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Transportation Power

Solar Impulse 2 Plane Takes Off From Egypt On Final Leg Of World Tour ( 44

How long would it take an airplane to fly around the world without using any fuel? About 22 days of actual air time, according to Fusion. Solar Impulse 2, an aircraft which is powered by solar energy, left Egypt on Sunday on the last leg of the first ever-fuel free flight around the world. The team behind it tweeted a few minutes ago that they have completed 91% of the final, last, conclusive flight. Reuters reports: Solar Impulse 2, a spindly single-seat plane, took off from Cairo in darkness en route to Abu Dhabi, its final destination, with a flight expected to take between 48 and 72 hours. The plane, which began its journey in Abu Dhabi in March 2015, has been piloted in turns by Swiss aviators Andre Borschberg and Bertrand Piccard in a campaign to build support for clean energy technologies. "The round the world flight ends in Abu Dhabi, but not the project," Piccard told Reuters a few days before takeoff. Solar Impulse flies without a drop of fuel, its four engines powered solely by energy collected from more than 17,000 solar cells in its wings. It relies on solar energy collected during the day and stored in batteries for electrical energy to fly at night. The carbon fiber plane, with a wingspan exceeding that of a Boeing 747 and the weight of a family car can climb to about 8,500 meters (28,000 feet) and cruise at 55-100 kph (34-62 mph).
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Solar Impulse 2 Plane Takes Off From Egypt On Final Leg Of World Tour

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  • 22 Days? (Score:2, Insightful)

    by Anonymous Coward

    Starting in March of 2015 to now isn't 22 days. It may have only been in the air for 22 days, but the trip sounds like it took about 1 and a third years.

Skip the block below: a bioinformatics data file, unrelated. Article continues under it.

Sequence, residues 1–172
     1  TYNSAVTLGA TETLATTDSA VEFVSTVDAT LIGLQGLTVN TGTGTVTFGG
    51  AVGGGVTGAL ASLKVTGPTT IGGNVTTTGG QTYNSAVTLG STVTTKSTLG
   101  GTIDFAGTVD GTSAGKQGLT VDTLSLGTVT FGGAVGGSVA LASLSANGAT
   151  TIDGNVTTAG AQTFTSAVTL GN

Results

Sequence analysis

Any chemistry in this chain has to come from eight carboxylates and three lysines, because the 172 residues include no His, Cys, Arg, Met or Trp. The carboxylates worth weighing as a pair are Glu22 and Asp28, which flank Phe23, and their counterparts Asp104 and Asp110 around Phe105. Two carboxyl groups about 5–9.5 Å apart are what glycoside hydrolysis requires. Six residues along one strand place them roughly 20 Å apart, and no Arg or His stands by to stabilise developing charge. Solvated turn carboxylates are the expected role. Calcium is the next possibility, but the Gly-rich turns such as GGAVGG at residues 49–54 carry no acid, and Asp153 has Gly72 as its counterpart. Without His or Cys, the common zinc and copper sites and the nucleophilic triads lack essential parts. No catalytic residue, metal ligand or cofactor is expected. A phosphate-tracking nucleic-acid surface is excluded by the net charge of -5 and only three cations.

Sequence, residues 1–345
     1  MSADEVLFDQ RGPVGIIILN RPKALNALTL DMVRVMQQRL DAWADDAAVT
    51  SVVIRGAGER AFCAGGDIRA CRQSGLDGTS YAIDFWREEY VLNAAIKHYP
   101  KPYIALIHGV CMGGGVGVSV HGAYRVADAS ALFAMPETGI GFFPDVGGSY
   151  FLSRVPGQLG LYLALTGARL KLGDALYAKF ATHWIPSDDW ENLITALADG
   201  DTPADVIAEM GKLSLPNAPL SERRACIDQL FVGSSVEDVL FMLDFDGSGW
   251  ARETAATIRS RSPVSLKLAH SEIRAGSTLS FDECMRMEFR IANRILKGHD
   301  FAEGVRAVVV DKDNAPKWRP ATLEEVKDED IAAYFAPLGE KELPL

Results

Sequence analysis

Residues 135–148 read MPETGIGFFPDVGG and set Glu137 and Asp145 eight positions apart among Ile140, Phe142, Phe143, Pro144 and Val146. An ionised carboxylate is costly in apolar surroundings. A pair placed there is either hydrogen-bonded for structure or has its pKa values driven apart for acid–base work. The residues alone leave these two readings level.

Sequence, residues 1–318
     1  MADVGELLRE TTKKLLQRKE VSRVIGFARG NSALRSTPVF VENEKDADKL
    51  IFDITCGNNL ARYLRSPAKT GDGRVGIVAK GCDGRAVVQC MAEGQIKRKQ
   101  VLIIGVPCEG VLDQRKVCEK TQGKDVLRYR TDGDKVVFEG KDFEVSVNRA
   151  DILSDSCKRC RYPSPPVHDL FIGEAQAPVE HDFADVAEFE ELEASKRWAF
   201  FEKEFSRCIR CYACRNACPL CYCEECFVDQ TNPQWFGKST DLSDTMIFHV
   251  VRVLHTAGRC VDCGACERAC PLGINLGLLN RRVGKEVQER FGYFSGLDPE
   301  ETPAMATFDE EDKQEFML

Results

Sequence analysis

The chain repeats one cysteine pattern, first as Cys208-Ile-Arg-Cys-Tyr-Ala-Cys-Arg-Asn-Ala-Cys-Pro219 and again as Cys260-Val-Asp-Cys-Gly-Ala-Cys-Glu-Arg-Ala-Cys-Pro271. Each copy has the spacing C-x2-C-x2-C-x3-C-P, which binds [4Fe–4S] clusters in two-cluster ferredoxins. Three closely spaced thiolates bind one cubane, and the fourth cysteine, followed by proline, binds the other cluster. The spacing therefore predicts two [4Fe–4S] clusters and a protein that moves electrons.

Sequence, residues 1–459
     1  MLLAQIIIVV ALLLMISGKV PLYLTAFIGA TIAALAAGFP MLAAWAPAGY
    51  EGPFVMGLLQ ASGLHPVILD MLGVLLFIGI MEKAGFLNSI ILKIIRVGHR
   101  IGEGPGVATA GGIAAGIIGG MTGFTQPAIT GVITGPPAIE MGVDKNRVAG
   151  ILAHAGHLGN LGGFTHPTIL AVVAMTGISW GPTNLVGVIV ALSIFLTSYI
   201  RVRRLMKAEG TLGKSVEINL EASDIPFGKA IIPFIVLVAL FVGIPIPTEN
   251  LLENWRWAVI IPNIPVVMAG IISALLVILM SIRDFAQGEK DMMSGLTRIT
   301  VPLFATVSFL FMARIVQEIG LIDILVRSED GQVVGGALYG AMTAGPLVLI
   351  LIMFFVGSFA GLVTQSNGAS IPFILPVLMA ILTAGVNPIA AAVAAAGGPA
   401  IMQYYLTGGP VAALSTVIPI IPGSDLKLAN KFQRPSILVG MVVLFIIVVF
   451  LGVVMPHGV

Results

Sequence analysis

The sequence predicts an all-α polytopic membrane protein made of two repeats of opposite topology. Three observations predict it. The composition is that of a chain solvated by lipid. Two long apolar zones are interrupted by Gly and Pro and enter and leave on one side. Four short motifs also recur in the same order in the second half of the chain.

• by Anonymous Coward

      Your advertising career is now over...

    • 22 days? My ass. It has been on the ground longer than in the air, which is probably some sort of record itself. And this is hardly news worthy except for the fact that it proved only one thing, that solar airplanes are highly impractical. No, it didn't prove that it could be done. Moving a mountain one grain of sand at at time isn't really proving you can move a mountain.

      • by PCM2 ( 4486 )

        Moving a mountain one grain of sand at at time isn't really proving you can move a mountain.

        It isn't? I mean ... that wouldn't impress you? WTF would?

      • Re:22 Days? (Score:5, Informative)

        by jellomizer ( 103300 ) on Monday July 25, 2016 @02:31PM (#52576919)

        Like a lot of people you miss the point. Sometimes the invention isn't meant to be mass produced but more of a proof that it can be done. Having it travel the world was a publicity stunt. But it was a stunt to show the advancements in solar energy. Not to spur a world of solar heavier than air aircraft. However the real progress is in using technology to build an aircraft light enough, and with enough power generation to support a long term flight.

        Now if we take the stuff that we learned, use these solar panels on our homes, use the construction to make more fuel efficient planes. Even just keep the knowledge around until solar panels get more efficient or batteries get lighter to make such a device more useful.
        However to pull such a stunt safely shows progress.

        • How much time would it take to "prove" it could be done? 365 years? Fly 100 Meters, land, charge for a month, do it again. That doesn't prove ANYTHING, except patience. It wasn't hard to fly 22 days, if they flew 22 days in a month, I would suggest that would be something. Flying 22 days in 44 days would be important. Flying 22 days in 90 days, 180, or even 270 days would be significant, but they have taken well over 1 year to complete the task, flying only 22 days out of that period. Meaning, they took ove